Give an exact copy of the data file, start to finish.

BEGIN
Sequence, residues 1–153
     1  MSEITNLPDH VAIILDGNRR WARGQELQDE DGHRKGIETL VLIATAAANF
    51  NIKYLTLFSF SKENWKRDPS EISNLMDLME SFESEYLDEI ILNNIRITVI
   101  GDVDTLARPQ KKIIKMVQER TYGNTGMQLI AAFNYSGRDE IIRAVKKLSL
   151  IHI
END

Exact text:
Sequence, residues 1–153
     1  MSEITNLPDH VAIILDGNRR WARGQELQDE DGHRKGIETL VLIATAAANF
    51  NIKYLTLFSF SKENWKRDPS EISNLMDLME SFESEYLDEI ILNNIRITVI
   101  GDVDTLARPQ KKIIKMVQER TYGNTGMQLI AAFNYSGRDE IIRAVKKLSL
   151  IHI